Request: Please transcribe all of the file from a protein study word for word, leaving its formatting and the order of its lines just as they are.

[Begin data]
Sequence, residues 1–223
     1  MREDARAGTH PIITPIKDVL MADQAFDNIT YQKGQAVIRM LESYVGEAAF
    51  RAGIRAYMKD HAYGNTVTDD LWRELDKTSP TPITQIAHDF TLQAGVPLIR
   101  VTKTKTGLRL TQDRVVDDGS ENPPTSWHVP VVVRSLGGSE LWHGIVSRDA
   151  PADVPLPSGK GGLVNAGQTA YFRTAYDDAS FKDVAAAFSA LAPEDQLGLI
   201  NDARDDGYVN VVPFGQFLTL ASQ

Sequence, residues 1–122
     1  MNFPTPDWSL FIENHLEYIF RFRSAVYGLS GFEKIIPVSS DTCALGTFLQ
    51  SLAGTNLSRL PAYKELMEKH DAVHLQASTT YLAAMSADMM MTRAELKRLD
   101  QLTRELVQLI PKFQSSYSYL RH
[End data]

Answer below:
Sequence, residues 1–223
     1  MREDARAGTH PIITPIKDVL MADQAFDNIT YQKGQAVIRM LESYVGEAAF
    51  RAGIRAYMKD HAYGNTVTDD LWRELDKTSP TPITQIAHDF TLQAGVPLIR
   101  VTKTKTGLRL TQDRVVDDGS ENPPTSWHVP VVVRSLGGSE LWHGIVSRDA
   151  PADVPLPSGK GGLVNAGQTA YFRTAYDDAS FKDVAAAFSA LAPEDQLGLI
   201  NDARDDGYVN VVPFGQFLTL ASQ

Sequence, residues 1–122
     1  MNFPTPDWSL FIENHLEYIF RFRSAVYGLS GFEKIIPVSS DTCALGTFLQ
    51  SLAGTNLSRL PAYKELMEKH DAVHLQASTT YLAAMSADMM MTRAELKRLD
   101  QLTRELVQLI PKFQSSYSYL RH